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Whole-rock δ2H and δ18O footprint of the Canadian Malartic gold deposit, Pontiac Subprovince, Québec, Canada

  • Thomas Raskevicius
  • Georges BeaudoinEmail author
  • Kurt Kyser
  • Stéphane Perrouty
  • Nicolas Gaillard
Article
  • 23 Downloads

Abstract

The Canadian Malartic gold deposit was produced by a hydrothermal system that altered the host metasedimentary rocks of the Pontiac Group, metavolcanic rocks of the Piché Group, and associated porphyritic intrusions and mafic dykes. The isotopic footprint in Pontiac metasedimentary rocks is marked by an increase in δ2H values from − 91‰ near mineralization to background values of ca. − 59‰, whereas δ18O values remain relatively constant near 10‰. The isotopic footprint in mafic dykes is marked by an increase in δ2H values from − 84‰ near mineralization to background values of ca. − 73‰, and a decrease in δ18O values from 9.8‰ near mineralization to background values of ca. 8.3‰. Kriging of oxygen and hydrogen isotopic compositions around the Canadian Malartic deposit delineates the isotopic footprint of the deposit. In greywackes, the − 59‰ δ2H isopleth encircles the mineralized domain and is elongated towards the northwest and southeast. In mafic dykes, the − 73‰ δ2H isopleth encircles the mineralized domain as well as a large area to the south and southeast, whereas the 8.3‰ δ18O isopleth encircles the center of the mineralized system and extends over an area towards the southeast. Host rock oxygen and hydrogen isotope compositions therefore define a cryptic alteration footprint up to 2.5 km outside of the Canadian Malartic deposit. The isotopic composition of the metamorphic fluid in equilibrium with the average least altered greywacke at upper greenschist to amphibolite conditions of ca. 550 °C is approximately δ18O = 8.6‰ and δ2H = − 19‰. This is close to the composition of the mineralizing fluid at the Canadian Malartic deposit reported by previous studies. Fluid/rock oxygen and hydrogen isotope exchange modeling indicate that the isotopic footprint formed at relatively low fluid/rock ratios up to 0.5 at temperatures near 350–400 °C.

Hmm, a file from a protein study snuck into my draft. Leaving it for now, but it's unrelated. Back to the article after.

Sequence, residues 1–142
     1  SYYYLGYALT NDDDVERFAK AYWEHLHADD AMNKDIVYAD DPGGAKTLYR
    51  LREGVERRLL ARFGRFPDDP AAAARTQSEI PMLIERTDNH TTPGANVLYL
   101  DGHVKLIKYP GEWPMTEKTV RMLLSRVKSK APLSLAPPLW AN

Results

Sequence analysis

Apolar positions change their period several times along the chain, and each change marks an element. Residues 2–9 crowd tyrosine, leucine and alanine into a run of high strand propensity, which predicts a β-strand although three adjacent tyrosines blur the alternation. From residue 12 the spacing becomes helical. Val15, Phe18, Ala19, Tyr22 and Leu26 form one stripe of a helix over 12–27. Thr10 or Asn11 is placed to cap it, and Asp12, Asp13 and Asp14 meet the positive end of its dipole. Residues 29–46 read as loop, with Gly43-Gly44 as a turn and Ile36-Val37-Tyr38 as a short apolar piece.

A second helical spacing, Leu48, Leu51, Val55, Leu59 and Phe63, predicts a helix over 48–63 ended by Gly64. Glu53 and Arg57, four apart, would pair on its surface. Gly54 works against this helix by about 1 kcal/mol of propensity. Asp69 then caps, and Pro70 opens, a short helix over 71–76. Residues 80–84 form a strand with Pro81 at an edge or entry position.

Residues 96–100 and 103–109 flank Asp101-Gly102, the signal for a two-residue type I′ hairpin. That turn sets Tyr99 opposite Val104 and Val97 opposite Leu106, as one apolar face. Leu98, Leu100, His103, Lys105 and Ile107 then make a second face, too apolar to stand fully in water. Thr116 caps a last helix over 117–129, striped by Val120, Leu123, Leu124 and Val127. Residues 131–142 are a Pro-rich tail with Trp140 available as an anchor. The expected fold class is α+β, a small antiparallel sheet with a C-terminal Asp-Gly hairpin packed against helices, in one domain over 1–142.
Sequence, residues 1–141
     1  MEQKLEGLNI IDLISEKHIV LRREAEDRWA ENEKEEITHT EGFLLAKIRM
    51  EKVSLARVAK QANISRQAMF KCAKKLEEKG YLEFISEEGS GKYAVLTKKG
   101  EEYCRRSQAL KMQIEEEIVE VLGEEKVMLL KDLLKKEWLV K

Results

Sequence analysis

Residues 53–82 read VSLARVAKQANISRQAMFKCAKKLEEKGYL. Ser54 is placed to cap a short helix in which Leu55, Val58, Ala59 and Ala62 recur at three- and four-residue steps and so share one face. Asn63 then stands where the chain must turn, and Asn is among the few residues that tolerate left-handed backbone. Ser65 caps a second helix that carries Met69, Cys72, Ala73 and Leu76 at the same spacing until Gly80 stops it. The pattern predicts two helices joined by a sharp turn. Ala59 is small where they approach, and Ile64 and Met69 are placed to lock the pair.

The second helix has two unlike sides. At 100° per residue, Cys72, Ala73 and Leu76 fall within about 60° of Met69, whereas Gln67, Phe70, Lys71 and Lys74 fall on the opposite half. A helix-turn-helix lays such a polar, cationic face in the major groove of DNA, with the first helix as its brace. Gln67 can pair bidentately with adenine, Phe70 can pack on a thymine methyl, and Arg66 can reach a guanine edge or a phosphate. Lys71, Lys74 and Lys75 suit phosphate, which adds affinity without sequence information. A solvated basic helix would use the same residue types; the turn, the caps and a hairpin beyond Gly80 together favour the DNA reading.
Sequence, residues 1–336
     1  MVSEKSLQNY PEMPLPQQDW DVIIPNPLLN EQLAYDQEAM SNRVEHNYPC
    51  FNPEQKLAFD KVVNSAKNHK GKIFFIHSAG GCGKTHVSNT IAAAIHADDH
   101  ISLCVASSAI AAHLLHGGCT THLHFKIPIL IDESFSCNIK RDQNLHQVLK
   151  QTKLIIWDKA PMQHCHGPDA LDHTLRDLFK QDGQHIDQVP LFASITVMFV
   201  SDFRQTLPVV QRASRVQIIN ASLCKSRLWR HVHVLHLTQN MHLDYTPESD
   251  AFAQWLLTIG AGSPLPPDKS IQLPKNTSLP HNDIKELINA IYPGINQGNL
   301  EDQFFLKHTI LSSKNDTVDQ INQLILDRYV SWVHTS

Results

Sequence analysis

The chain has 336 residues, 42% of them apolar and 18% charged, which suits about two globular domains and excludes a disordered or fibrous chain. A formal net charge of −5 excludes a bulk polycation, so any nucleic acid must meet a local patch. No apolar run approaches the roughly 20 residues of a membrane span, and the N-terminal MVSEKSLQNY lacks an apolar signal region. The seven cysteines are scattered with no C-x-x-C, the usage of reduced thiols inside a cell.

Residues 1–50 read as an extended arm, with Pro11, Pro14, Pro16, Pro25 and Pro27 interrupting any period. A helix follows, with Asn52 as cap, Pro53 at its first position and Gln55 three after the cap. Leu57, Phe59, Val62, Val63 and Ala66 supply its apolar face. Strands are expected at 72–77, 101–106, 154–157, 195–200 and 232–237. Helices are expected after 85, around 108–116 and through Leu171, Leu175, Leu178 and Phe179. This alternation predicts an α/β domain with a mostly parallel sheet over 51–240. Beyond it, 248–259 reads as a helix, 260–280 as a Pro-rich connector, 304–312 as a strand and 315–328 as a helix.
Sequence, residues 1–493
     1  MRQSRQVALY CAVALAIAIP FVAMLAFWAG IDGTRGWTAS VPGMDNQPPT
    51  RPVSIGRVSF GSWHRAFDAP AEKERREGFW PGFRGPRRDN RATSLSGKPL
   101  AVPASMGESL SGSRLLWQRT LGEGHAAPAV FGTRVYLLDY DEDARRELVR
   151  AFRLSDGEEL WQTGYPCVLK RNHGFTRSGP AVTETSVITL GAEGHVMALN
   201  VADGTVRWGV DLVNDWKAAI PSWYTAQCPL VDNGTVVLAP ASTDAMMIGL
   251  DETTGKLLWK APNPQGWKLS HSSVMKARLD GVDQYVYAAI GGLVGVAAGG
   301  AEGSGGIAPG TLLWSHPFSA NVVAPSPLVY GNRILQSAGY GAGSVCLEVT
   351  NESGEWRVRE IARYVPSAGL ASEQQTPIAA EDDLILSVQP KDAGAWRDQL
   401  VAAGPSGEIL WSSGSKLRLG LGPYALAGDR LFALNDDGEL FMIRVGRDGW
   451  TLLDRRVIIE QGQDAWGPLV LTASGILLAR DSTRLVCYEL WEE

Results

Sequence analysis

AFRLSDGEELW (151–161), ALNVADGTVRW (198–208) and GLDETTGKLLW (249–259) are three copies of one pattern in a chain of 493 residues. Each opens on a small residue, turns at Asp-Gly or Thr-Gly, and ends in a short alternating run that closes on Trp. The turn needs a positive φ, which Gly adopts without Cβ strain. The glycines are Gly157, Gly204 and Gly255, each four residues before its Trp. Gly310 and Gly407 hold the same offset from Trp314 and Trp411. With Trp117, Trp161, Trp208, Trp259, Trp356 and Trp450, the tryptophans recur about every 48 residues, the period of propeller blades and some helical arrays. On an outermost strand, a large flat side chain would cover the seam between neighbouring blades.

Keywords

Oxygen Hydrogen Isotopes Gold Abitibi Fluid-rock exchange Alteration Hydrothermal Footprint 

Notes

Acknowledgments

This study is part of the NSERC-CMIC Exploration Footprints Project. We also would like to acknowledge the logistic support given by the Canadian Malartic mine, as well as sponsors of the NSERC-CMIC footprints project. Special thanks are given to Michael Lesher, Robert Linnen, Gema Olivo, and Marc Bardoux for reviews of earlier drafts of the manuscript. NSERC-CMIC Mineral Exploration Footprints Project Contribution Number 173. We thank Anne-Sylvie André-Meyer, David Banks, and Bernd Lehmann for their comments that helped improve the paper significantly.

Funding information

Funding was provided by the Natural Sciences and Engineering Council of Canada (NSERC) and the Canada Mining Innovation Council (CMIC) through the NSERC Collaborative Research and Development Program. Support has also been provided by the Society of Economic Geologist Canada Foundation.

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© Springer-Verlag GmbH Germany, part of Springer Nature 2019

Authors and Affiliations

  1. 1.Centre de recherche sur la géologie et l’ingénierie des ressources minérales (E4m), Département de géologie et de génie géologiqueUniversité LavalQuébecCanada
  2. 2.Department of Geological Sciences and Geological EngineeringQueen’s UniversityKingstonCanada
  3. 3.Mineral Exploration Research Centre, Harquail School of Earth SciencesGoodman School of Mines, Laurentian UniversitySudburyCanada
  4. 4.Department of Earth and Planetary SciencesMcGill UniversityMontrealCanada

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